LOGIN TO YOUR ACCOUNT

Username
Password
Remember Me
Or use your Academic/Social account:

CREATE AN ACCOUNT

Or use your Academic/Social account:

Congratulations!

You have just completed your registration at OpenAire.

Before you can login to the site, you will need to activate your account. An e-mail will be sent to you with the proper instructions.

Important!

Please note that this site is currently undergoing Beta testing.
Any new content you create is not guaranteed to be present to the final version of the site upon release.

Thank you for your patience,
OpenAire Dev Team.

Close This Message

CREATE AN ACCOUNT

Name:
Username:
Password:
Verify Password:
E-mail:
Verify E-mail:
*All Fields Are Required.
Please Verify You Are Human:
fbtwitterlinkedinvimeoflicker grey 14rssslideshare1
Higgins, Lee; Mantie, Roger (2015)
Publisher: College Music Society
Languages: English
Types: Article
Subjects: L1, M1
Despite being a professor in American Studies at SUNY-Buffalo for most of his academic life, Charles (Charlie) Keil’s (b. 1939) career was dominated by an interest in music and music education. His scholarly contributions took many forms, such as ethnographic fieldwork that resulted in wide-ranging books (Urban Blues, Tiv Song: The Sociology of Art in a Classless Society, Polka Happiness, My Music, Bright Balkan Morning: Romani Lives and the Power of Music in Greek Macedonia, Music Grooves), many essays and papers on music and music education, and efforts in promoting music education in the Buffalo area through his organization, M.U.S.E. (Musicians United for Superior Education). As an amateur musician with advanced training in American Studies (studying with, among others, David Schneider, Clifford Geertz, and Alan Merriam), Keil brought a keen eye, ear, and mind, along with his rigorous academic training, to the study of how people engaged with music, how they learned music, and the value music holds in the lives of people and their communities. As an example, the first chapter of Tiv Song reminds us that Keil is one of those rare individuals able to summon enormous intellectual resources—from classical Greek philosophy to linguistics, anthropology, ecology, economics, and everything in between—to bear on the problem of music and culture.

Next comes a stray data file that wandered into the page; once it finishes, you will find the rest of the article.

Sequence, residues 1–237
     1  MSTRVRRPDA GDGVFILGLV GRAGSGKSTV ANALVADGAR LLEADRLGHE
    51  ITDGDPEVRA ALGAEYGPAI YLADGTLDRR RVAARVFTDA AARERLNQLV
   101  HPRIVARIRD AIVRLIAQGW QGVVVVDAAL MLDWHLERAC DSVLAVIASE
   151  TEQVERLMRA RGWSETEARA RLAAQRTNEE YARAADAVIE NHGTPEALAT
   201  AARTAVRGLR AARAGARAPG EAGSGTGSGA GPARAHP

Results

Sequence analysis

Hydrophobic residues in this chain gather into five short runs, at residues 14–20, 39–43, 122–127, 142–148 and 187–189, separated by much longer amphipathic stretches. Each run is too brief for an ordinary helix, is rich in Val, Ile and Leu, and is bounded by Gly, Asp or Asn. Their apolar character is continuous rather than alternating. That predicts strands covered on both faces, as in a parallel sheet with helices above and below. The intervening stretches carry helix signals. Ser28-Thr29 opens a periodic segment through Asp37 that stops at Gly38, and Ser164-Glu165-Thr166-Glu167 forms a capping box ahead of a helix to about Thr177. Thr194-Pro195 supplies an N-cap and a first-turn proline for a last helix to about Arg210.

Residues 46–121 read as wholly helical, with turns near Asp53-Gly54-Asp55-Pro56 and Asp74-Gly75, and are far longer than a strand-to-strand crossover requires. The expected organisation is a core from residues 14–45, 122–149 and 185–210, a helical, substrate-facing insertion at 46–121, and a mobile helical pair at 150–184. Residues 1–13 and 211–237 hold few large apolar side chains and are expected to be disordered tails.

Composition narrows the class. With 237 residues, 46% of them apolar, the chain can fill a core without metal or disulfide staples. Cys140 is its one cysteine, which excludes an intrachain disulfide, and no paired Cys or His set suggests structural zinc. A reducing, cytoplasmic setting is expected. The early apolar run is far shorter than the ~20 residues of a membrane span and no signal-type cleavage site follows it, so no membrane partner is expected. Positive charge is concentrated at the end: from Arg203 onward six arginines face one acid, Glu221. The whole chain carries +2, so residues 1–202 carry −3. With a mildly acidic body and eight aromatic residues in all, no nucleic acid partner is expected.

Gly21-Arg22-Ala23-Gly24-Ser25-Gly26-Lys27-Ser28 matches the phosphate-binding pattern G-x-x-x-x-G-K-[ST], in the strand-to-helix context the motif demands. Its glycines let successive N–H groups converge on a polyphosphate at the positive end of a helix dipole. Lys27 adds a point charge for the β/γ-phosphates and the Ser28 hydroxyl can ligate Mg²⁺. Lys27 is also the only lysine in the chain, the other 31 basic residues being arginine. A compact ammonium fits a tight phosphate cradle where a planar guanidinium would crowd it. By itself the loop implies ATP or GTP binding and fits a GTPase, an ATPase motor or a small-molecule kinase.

• No references.
  • No related research data.
  • No similar publications.

Share - Bookmark

Cite this article